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Engaging our four-legged friends
Boutique feline lodging
The Nekoya Cat Hotel
80 Changi Road
The Centropod, #02-03
Tel: 9345 6989
IT'S a known fact that cats are solitary creatures, unlike their canine counterparts. So they're usually not particularly keen on social interactions, especially with other living beings they are not familiar with.
That's why Debrah Lau believes that leaving your house cat in a regular boarding house catering to both dogs and cats might not be the best idea.
She explains: "The noise and environment tends to stress cats out a lot so it becomes a negative experience for them. They want their own space, but some boarding places put all the cats in a big room. I feel that when stressed, cats prefer a small, cosy area - that's why they like cardboard boxes so much."
With this in mind, she opened The Nekoya Cat Hotel last November. It is Singapore's first boutique cat hotel which is located in a quiet shopping mall near Joo Chiat. The hotel has a total of 15 cabins, where each can house a maximum of two cats only if they are from the same household.
It costs S$39 per night to put up one cat in one cabin, and an additional S$25 for a second cat in the same cabin. Working like a hotel, check-in can take place anytime between 2pm and 7pm, while check-out is before 11am.
"I run an online pet store, so I've received a lot of feedback from cat owners who said they don't know a place they can trust to leave their cats when they go overseas. Even cat-sitters aren't ideal. In some cases, the owners don't go on holidays altogether because it's so stressful to leave their cat behind," explains Ms Lau, who runs both Nekoya and her four-year-old online pet store Nekojam with her husband.
In order to cater to these customers - who are usually young couples or families used to services like Airbnb - she tries to go beyond just providing cat litter and a place to sleep by having some value-added services. For instance, the hotel makes sure all the cats are let out from their individual cabins on rotation, and all the staff hired are ex-vet nurses who are comfortable with handling animals.
So far, demand has been fairly high, and the hotel has already had some repeat customers.
Another outlet might even be on the cards - this time probably in the West - later this year.
Adds Ms Lau: "I think being a cat lover is not always enough to run a hotel, especially when you are tasked with the responsibility of caring for up to 30 cats. So having ex-vet nurses around and sending regular updates to owners help alleviate some of their worries, and they can go on holiday knowing their cats are in good hands."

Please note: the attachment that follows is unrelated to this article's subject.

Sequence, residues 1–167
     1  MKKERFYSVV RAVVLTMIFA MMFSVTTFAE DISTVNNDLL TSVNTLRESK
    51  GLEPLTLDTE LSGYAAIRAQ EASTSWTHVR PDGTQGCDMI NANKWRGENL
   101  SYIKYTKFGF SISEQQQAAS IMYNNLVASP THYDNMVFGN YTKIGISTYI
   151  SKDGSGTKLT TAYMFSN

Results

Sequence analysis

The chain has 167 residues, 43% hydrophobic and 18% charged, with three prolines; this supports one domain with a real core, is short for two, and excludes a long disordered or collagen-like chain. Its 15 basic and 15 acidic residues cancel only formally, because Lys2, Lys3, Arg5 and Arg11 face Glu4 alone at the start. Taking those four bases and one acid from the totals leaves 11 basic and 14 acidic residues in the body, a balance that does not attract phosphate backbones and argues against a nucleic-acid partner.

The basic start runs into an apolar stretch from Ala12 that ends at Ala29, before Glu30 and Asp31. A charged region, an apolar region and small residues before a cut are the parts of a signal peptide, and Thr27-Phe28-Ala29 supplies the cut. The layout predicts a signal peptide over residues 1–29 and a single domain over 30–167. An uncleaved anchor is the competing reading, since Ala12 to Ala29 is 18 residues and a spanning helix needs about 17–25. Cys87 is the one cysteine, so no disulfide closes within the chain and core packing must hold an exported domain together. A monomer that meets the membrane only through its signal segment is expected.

A pooch's haven
Paws N Pans
327 Joo Chiat Rd
Tel: 6509 6506
CAN'T decide where to take your dog to play on a rainy weekend? Perhaps try Paws N Pans, a two-storey pet-friendly cafe in Joo Chiat that not only allows you to dine with your own pets, but also has in-house dogs for you and your pup to interact with.
Its co-founder Tracy Tan says: "I myself am a dog-owner, so I know how hard it is to find a place for my dog to roam without having to be on a leash - a place where everybody there likes dogs - so we hope to be that."
Her cafe opened in mid-2016, after Ms Tan and her other two co-founders took over a space which used to house another pet-friendly cafe called Tree Bark. The concept is a little different, though - Tree Bark simply allowed people to bring their pets, but had none in-house.
Ms Tan explains that this difference results from the cafe's main aim - to give their in-house dogs some extra exposure and increase their chances of getting adopted.
"We run the cafe just to sustain rental and operating costs; other than that the main mission is for our resident dogs to meet their potential adopters. We also work with shelters and host adoption drives, so that we always have at least two dogs up for adoption," she points out.
Ms Tan met her fellow co-founders while volunteering for dog shelters in the past, where they realised that one of the biggest challenges shelters faced was finding a suitable space to hold adoption drives.
So when they came across Tree Bark, it gave them the idea of starting a cafe that would also provide shelters a space they could use for free.
And it's not just dogs that you could take home either. They've even hosted rabbit-adoption drives - with an upcoming one on Feb 18.
Of course, Paws N Pans still functions like a regular cafe, serving simple dishes like fish and chips (S$12.80), sesame chicken wings (S$8.90) and waffles (from S$9.80).
It also offers a separate menu for dogs - a portion of either salmon, hormone-free chicken, or lean pork with two side-dishes (from S$7.80 to S$20.80).